Not all of them.

      For example, in iOS Devices, even the Device itself can't retrieve the biometric data. It is locked inside a "secure enclave" chip, that has ZERO exposure to the rest of the system.

      Neither Apple, nor anyone else, including the Gummint, can access that information without physically taking apart the Secure Enclave chip and using God-Knows-What to read the memory in the chip directly.

      Easier and cheaper to just to apply blowtorches and pliers to the actual fingerprint-holder, as per the obligatory XKCD 'toon.

      • by tlhIngan ( 30335 )

        For example, in iOS Devices, even the Device itself can't retrieve the biometric data. It is locked inside a "secure enclave" chip, that has ZERO exposure to the rest of the system.

        Neither Apple, nor anyone else, including the Gummint, can access that information without physically taking apart the Secure Enclave chip and using God-Knows-What to read the memory in the chip directly.

        Even harder, in iOS, the fingerprint reader traffic is encrypted, and the reader and secure enclave do a public-private

        • Even harder, in iOS, the fingerprint reader traffic is encrypted, and the reader and secure enclave do a public-private key thing to keep the fingerprint secure.

          So not only is the information in the secure enclave, but it's traffic is secured by the hardware. Two reasons - one, to prevent sniffing, and the other, to prevent malware from commandeering the fingerprint reader.

          You're right. I'd forgotten about those details.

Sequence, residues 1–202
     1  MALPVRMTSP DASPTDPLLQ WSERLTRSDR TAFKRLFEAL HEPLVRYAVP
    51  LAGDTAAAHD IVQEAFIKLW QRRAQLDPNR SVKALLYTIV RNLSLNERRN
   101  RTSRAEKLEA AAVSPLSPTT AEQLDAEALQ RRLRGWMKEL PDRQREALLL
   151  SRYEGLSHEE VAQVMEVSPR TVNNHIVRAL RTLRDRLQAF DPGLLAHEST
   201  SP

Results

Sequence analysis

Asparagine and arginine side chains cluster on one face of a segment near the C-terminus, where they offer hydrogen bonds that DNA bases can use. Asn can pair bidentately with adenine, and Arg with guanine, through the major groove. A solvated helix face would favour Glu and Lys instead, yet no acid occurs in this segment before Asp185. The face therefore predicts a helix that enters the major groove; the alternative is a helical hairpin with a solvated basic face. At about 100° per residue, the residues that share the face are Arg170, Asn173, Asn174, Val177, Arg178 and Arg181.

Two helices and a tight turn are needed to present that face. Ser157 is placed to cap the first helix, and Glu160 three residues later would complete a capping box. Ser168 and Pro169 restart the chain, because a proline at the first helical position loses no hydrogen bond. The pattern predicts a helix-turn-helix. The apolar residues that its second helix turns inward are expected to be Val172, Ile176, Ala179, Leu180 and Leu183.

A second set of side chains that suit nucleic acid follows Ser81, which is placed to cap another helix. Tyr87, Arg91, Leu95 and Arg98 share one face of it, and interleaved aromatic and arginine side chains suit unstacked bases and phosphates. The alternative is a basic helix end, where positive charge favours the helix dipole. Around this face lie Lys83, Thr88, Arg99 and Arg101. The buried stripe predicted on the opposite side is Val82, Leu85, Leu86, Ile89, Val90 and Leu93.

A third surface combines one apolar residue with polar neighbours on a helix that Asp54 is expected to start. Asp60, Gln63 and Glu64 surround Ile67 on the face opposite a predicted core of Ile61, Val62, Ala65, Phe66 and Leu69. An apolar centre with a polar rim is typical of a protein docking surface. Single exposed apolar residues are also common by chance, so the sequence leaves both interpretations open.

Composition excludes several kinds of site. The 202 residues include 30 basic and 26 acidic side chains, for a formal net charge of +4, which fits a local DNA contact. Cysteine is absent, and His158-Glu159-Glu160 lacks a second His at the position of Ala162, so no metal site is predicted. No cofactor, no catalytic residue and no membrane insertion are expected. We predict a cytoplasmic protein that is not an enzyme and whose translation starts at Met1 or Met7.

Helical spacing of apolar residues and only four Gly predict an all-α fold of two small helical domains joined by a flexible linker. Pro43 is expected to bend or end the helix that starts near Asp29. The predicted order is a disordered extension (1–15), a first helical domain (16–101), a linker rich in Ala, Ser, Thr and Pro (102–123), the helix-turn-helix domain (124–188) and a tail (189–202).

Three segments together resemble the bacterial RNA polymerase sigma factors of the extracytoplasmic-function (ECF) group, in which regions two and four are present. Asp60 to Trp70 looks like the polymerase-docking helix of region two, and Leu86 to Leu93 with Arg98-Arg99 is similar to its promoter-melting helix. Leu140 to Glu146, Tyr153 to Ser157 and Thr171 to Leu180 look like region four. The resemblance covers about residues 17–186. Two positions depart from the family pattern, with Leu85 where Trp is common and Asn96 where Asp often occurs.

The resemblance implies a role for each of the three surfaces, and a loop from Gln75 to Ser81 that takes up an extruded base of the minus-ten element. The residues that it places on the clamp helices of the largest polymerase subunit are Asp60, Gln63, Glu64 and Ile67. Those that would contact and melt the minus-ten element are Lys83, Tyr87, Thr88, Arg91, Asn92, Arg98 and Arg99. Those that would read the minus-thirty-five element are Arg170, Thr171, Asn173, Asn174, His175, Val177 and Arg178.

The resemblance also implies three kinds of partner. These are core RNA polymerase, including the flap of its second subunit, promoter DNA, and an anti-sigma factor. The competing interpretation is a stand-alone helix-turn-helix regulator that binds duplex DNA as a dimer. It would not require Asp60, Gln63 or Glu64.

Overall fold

• Not that it really matters, and the damned things aren't very accurate or secure anyway.

          That myth was busted on Mythbusters a number of years ago, and the technology hasn't really changed significantly since.
    • You should also assume they'll hand any of this crap over to governments if they demand it.

      Due to that child abduction prevention database that came to my school when I was a kid, and my inherent inability to keep my mouth shut when interacting with the police; the government already has several copies of my full fingerprint sets on file. I can safely assume that I'm not the only one that falls into a similar category so, I'm not to saying that your concern is invalid, it's simply redundant.

      The real question this brings up is "how secure is your fingerprint as a means of identification?". And the

  • by metamatic ( 202216 ) on Monday August 10, 2015 @08:46AM (#50283897) Homepage Journal

    All the affected people have to do is change their fingerprints.

  • by Anonymous Coward

    In related news, a burglar was arrested because he left an ID card in the house...